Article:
In the past couple weeks, Hong Kong’s battle against the COVID-19 pandemic made international headlines in a strange and unexpected way. Facing a virus outbreak in recent weeks, Hong Kong officials implemented a range of measures in response to what was labelled a “fifth wave,” but the one that caught the most attention must be the culling of more than 2,200 hamsters after a COVID-19 case was traced to workers of a pet shop, and traces of the virus were found on 11 hamsters out of the 178 tested.
Authorities then called on the public to turn in their pet hamsters to be culled en masse, in spite of outcry from animal lovers. An expert from the WHO also said that the risk of animals like hamsters infecting humans with the coronavirus “remains low.” So far at least one hamster which was turned in by its owner, as opposed to the previous lot in pet shops, was found to be carrying the virus.
Another recent COVID-19 report that became the talk of the town was how a schoolteacher caught the virus apparently by encountering two other infected people in a subway station tunnel, for a brief period of nine seconds, while all were wearing masks and had no direct contact. Such detective-work in tracing individual cases has become a hallmark of the zero COVID tactics undertaken by Hong Kong authorities ever since the beginning of the COVID-19 outbreak.
The Distraction of the Hamsters
Meanwhile, city authorities confirmed more than 170 new COVID-19 infections from two nearby public housing buildings in Kwai Chung, the highest number in 18 months, resulting in authorities ordering a five-day lockdown for the thousands of residents in both buildings. Mandatory COVID-19 testing was ordered for hundreds of thousands of citizens across the city, based on contact tracing or just being residents or workers in buildings with confirmed cases. And, in a case of bad timing, all these are happening as the city heads into the Lunar New Year holiday period, traditionally the most festive time of the year. Restaurants have been ordered to reduce capacity and the traditional annual flower markets are cancelled.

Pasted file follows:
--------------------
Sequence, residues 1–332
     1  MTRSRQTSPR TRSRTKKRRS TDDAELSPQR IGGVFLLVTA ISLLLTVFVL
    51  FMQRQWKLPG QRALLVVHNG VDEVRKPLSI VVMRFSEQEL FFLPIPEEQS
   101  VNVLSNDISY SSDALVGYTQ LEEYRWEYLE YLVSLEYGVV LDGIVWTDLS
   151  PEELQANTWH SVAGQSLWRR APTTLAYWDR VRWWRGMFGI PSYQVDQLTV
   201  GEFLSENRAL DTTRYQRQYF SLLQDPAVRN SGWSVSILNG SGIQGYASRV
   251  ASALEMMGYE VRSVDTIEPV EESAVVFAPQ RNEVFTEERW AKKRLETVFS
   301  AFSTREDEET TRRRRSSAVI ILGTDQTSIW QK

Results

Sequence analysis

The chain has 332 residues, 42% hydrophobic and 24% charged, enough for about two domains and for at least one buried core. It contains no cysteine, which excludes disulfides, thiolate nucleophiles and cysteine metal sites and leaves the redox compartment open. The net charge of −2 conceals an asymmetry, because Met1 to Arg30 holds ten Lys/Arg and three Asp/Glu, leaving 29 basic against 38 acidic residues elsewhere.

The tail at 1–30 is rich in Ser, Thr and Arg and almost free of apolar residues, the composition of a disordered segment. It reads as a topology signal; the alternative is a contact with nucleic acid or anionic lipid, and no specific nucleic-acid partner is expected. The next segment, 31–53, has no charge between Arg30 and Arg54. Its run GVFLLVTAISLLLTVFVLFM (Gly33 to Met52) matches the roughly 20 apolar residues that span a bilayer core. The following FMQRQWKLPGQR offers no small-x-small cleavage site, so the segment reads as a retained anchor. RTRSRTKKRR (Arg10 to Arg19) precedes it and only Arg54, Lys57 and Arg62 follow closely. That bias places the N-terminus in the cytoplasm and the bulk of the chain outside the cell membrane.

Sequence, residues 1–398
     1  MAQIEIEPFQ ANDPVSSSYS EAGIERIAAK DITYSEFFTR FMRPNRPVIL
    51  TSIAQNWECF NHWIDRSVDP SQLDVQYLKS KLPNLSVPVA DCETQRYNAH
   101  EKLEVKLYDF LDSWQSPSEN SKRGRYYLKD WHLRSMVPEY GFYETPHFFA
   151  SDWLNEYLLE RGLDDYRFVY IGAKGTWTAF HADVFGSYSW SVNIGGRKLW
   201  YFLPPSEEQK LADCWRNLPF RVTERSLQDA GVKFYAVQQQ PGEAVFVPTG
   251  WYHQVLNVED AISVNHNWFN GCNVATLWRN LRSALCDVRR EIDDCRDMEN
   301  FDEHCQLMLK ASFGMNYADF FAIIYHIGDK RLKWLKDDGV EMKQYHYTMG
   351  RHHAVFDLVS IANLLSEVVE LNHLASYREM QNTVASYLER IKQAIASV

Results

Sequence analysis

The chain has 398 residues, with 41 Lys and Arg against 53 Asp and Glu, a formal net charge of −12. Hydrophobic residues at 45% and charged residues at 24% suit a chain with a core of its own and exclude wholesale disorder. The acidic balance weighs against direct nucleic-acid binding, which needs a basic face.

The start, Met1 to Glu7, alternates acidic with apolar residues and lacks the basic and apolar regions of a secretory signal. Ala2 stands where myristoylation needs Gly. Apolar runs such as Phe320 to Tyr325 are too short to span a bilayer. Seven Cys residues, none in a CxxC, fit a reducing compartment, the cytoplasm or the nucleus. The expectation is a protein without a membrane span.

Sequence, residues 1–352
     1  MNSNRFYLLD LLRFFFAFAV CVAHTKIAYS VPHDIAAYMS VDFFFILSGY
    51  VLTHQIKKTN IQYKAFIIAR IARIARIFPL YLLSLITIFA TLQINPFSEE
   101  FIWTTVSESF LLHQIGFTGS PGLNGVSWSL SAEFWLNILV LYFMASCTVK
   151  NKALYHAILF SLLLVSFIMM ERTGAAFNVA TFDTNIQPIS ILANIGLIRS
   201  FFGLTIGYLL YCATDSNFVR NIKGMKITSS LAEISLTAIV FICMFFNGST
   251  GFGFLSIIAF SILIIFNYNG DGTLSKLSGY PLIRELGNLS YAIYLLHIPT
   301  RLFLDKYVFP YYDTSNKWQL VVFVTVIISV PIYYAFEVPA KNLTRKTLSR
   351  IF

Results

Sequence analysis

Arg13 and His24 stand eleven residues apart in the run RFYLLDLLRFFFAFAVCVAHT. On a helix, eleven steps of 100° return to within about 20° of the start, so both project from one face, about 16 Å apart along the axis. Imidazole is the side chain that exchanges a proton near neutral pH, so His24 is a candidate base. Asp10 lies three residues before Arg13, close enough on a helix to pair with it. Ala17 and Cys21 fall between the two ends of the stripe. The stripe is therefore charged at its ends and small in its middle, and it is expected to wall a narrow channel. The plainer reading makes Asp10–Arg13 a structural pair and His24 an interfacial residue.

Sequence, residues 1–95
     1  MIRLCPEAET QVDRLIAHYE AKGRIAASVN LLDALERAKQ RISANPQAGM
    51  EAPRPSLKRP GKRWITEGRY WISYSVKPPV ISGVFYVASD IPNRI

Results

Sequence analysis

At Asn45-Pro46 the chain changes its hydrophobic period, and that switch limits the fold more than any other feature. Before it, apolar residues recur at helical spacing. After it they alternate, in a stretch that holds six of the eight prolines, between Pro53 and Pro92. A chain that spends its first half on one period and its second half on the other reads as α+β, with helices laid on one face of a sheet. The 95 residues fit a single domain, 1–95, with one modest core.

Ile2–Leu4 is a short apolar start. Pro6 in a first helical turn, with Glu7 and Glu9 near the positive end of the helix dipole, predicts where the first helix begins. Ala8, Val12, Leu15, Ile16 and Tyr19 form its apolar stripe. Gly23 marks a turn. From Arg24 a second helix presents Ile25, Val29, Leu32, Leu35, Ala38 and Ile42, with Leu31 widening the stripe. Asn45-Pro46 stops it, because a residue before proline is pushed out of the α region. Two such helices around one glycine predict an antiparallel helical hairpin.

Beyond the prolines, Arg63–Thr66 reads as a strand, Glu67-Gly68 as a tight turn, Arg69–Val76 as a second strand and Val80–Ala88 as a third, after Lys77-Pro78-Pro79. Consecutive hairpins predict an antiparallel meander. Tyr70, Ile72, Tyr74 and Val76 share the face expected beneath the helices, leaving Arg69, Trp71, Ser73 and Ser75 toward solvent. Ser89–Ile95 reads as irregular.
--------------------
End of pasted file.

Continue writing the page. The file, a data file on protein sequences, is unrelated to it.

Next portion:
Amid the current wave, medical experts continue to emphasize to the public the need for Hong Kong to achieve a higher full vaccination rate – Hong Kong’s fully vaccinated rate of 63 percent is on par with the U.S., but is starkly lower than regional peers such as Taiwan (72 percent), Japan (79 percent), South Korea (85 percent) and Singapore (87 percent). Meanwhile, however, Hong Kong’s experts are also sidetracked into defending government actions such as the culling of hamsters, by partially blaming the mass euthanasia on people who did not get vaccinated.
All these are regrettable distractions in Hong Kong’s fight against COVID-19. The government seems to be trapped in a rabbit hole to justify what Chief Executive Carrie Lam has called the “dynamic zero-infection” strategy, code words for adhering to China’s overall zero COVID approach. The team of government medical advisers continues to correctly stress that, despite the overall lower rate of serious infection from the Omicron variant, the effect on the older population and those with chronic illness may still be severe. However, there is a lack of any effective plan of communication and action to relate such concerns in a way that will convince more of the holdouts to get vaccinated.
Moreover, although most people would agree that getting more Hong Kongers to vaccinate is a good thing, it would be misleading to simply infer that a high vaccination rate would automatically mean zero or even low infection. We can see this from the recent surge of cases in South Korea, one of the countries with the highest vaccination rates.
It is a mismanagement of both policy messaging and public resources to fixate on relatively unproductive matters such as culling hamsters. Instead, in order to protect the most vulnerable, what has the Hong Kong government done to prioritize the protection of senior citizens and directly assist those who are most in need of medical attention? In order to maintain social distancing, rather than or in addition to suspending crowd gatherings such as flower markets, what have the authorities done to effectively encourage or even mandate measures such as working from home? The answer is, very little.
The Urgent Need to Manage the Jump From Zero
As other countries increasingly emphasize the large-scale provision of frequent, voluntary, and free self-testing at home for all, Hong Kong continues to rely on officially mandated compulsory testing drives by having the police round up residents of entire buildings overnight to get all inside tested, causing them much anxiety and discomfort, and thereby creating an undesirable stigma for what should be an effective and fundamental safeguard against infection.